variations the controller was not able to stabilize the system above the open-loop bifurcation point.

Table 9. Controller comparison between Pb and Pt with input and parametric disturbances based on

non-linear MATLAB simulations. The result entries show the new bifurcation points for each disturbed

system with the controllers from Table 8.

Open-Loop Optimal H∞ H∞

Disturbances IMC-PIDF

Zbi f PIDFM AT LAB Loop-Shaping Loop-Shaping

−3% w g,in 22% 47% 60% 98% 33%

−6% w g,in 21% 40% 38% 75% -

−3% wl,in 24% 61% 65% 94% 32%

−6% wl,in 25% 60% 64% 91% 31%

−3% w g,in , −3% wl,in 23% 37% 38% 92% 32%

−6% w g,in , −6% wl,in 23% 36% 35% 87% -

15 ◦ C, Woil /Wwater = 0.25 26% 55% 68% 98% 34%

15 ◦ C, Woil /Wwater = 0.50 31% 70% 70% 98% 34%

40 ◦ C, Woil /Wwater = 0.25 28% 35% 72% 70% 34%

40 ◦ C, Woil /Wwater = 0.50 39% 61% 82% 98% -

This paper examines the model analysis and control design of several anti-slug controllers.

The work focuses on linear controllers based on the linearized slug models but tested against the

Energies 2017, 10, 2014 17 of 19

non-linear low-dimensional and OLGA models. The linearized model analysis gave an indication of

which controlled variables are preferable and it was concluded that the low-point measurements are

preferable over the topside transmitters where the topside flow transmitter is the best alternative if

only topside measurements are available.

Slug modeling is a difficult task and it is experienced that the MATLAB and OLGA models

did not fit the lab data perfectly in every aspect. The MATLAB model’s accuracy was improved

by some modifications: A change in Darcy friction, an added top pressure for better estimating ωo ,

an updated static valve characteristic for f (z), and a new tuning parameter for the estimating how

much liquid is leaving the riser during a slug’s blowout stage. Even with these modifications, model

deviations were still present, especially in the amplitude of Pt during slug flow. However, this is also

the case for the OLGA model. Furthermore, even though deviations from the reality exist, both the

MATLAB and OLGA model are very accurate on most parameters, such as: the open-loop bifurcation

point, equilibrium pressure and transient performance. Besides, the OLGA and MATLAB simulations

gave consistent results. The main limitation of including the MATLAB model’s modifications, is the

applicability, which to some degree compromised with more tuning parameters and extra equations.

The control solutions were based on the riser top and bottom pressures as these are the most

common transmitters on offshore platforms. A comparison between optimal PIDF, IMC-PIDF and H∞

loop-shaping controllers were carried out based on the non-linear low-dimensional MATLAB model

and on OLGA simulations. Pb archieved acceptable performance with all three controllers in both the

non-linear MATLAB and OLGA simulations. In MATLAB only the H∞ loop-shaping control technique

was able to stabilize the system above the open-loop bifurcation point using the Pt as the controlled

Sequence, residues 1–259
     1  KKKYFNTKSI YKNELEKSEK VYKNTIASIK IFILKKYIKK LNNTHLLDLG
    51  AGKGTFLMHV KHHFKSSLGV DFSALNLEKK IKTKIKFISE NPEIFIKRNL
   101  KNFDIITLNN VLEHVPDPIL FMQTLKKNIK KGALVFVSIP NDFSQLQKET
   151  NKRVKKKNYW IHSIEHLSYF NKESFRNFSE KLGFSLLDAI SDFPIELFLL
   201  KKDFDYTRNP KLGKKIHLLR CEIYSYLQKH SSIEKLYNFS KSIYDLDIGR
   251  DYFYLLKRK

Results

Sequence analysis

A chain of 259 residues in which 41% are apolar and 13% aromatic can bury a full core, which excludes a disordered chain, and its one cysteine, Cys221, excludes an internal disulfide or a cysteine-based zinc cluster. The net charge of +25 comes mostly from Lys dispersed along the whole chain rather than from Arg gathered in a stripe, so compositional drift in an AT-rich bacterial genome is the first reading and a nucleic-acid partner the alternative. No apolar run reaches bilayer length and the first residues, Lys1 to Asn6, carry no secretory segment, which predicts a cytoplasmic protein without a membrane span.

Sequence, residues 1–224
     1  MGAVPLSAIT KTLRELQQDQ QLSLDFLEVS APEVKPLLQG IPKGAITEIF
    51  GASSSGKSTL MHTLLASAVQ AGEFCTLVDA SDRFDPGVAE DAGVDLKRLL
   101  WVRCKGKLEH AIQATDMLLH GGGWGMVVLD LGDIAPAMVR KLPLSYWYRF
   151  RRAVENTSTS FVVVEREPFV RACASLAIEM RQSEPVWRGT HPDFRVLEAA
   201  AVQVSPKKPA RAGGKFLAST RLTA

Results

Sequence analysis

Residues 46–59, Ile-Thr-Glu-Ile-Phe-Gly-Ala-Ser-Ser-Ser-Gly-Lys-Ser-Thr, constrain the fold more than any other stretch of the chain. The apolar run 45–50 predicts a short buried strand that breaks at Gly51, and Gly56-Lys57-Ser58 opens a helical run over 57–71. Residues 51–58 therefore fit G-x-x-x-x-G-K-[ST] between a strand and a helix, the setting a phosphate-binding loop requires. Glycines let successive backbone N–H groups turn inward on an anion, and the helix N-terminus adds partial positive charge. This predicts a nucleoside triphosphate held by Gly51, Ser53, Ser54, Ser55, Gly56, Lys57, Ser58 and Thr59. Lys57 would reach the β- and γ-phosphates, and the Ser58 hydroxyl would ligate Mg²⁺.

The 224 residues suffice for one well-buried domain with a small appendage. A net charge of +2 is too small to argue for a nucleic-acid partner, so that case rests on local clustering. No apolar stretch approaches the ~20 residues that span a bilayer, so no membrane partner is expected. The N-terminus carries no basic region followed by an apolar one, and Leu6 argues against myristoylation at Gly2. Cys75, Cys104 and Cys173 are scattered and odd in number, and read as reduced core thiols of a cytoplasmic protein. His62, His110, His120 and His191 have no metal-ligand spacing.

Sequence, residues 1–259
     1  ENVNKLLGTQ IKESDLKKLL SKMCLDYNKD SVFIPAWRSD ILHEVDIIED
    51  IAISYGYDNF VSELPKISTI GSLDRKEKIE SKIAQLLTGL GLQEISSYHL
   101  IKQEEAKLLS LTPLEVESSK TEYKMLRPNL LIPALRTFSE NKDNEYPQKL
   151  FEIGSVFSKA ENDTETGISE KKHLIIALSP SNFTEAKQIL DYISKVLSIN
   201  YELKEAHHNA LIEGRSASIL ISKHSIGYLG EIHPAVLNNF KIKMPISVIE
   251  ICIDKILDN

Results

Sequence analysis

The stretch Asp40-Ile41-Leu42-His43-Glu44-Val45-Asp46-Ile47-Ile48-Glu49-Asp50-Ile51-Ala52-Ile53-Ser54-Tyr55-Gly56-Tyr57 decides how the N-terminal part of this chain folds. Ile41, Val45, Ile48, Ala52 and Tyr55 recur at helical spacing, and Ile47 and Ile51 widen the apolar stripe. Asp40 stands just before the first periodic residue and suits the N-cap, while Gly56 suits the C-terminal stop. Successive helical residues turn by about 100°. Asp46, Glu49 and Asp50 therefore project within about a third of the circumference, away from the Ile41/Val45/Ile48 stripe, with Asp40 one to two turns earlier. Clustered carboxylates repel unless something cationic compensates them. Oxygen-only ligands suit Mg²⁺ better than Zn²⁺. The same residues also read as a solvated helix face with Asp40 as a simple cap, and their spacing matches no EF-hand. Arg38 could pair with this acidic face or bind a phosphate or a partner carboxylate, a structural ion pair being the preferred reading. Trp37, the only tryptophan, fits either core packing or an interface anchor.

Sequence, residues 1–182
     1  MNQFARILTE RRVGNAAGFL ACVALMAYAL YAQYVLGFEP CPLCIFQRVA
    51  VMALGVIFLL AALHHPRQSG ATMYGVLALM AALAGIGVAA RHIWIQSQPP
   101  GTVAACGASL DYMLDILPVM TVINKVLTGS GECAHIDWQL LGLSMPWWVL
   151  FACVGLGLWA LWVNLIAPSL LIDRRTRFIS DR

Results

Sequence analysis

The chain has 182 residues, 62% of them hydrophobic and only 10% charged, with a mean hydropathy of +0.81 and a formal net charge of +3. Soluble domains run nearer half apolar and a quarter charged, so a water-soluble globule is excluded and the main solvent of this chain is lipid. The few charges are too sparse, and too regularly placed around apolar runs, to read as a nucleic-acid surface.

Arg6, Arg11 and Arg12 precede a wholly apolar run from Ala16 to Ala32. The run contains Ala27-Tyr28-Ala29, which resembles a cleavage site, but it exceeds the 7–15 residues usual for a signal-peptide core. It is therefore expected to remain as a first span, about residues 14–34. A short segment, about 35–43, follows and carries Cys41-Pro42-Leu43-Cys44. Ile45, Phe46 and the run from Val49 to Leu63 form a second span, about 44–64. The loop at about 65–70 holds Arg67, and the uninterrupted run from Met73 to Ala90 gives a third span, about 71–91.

variable, although Pt H∞ loop-shaping still had a relatively low Zbi f . In OLGA it was possible to

find a PI controller for Pt which could stabilize the system just above the open-loop bifurcation point,

although the system had a long settling time due to the low integral gain required for stabilizing the

system. Furthermore, the controllers was examined with input and parametric system disturbances,

where the H∞ loop-shaping technique once again proved to be the best of the considered controller

due to the controller’s ability to handle uncertain systems. For Pt the controller was able to handle the

disturbances in most cases but was still only able to operate with relatively low valve openings.

It is concluded the Pb is the preferable pressure transmitter to use for feedback control in an

anti-slug control scheme. However, if only the topside pressure transmitter is available this can

still be used for eliminating the slug outside the open-loop slug region. The H∞ loop-shaping

control solution gave the best performance for both Pb and Pt . For a slug model a robust controller

(such as H∞ loop-shaping) seems to handle the uncertain running conditions much better than an

optimal controller (such as optimal PIDF), and furthermore the robustness does not sacrifice much

of the control performance. The biggest limitation using the H∞ loop-shaping controllers are the

significant overshoots at the output transient response before output stabilization. In future work

further evaluation of the controllers’ performance will be based on implementations on the lab-scaled

testing rig. This has not been possible as the testing facility has been further modified after the system

identification data was obtained, and thus the model has to be updated and re-identified with the new

facility dimensions.

Acknowledgments: The authors would like to thank the support from the Innovation Foundation (via PDPWAC

Project (J.nr. 95-2012-3)). Thanks also to our colleagues from Norwegian University of Science and

Technology, Aalborg University, Maersk Oil A/S, Ramboll Oil & Gas A/S, for many valuable discussions and

technical supports.

Author Contributions: Sigurd Skogestad and Zhenyu Yang suggested and facilitated the tools applied for

the model analysis and controller development. Simon Pedersen designed and performed the experiments.

Simon Pedersen and Esmaeil Jahanshahi made the model modifications and simulations. Esmaeil Jahanshahi,

Zhenyu Yang and Sigurd Skogestad reviewed the paper. Simon Pedersen wrote the paper.

Conflicts of Interest: The authors declare no conflict of interest.

Energies 2017, 10, 2014 18 of 19

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c 2017 by the authors. Licensee MDPI, Basel, Switzerland. This article is an open access

article distributed under the terms and conditions of the Creative Commons Attribution

(CC BY) license (http://creativecommons.org/licenses/by/4.0/).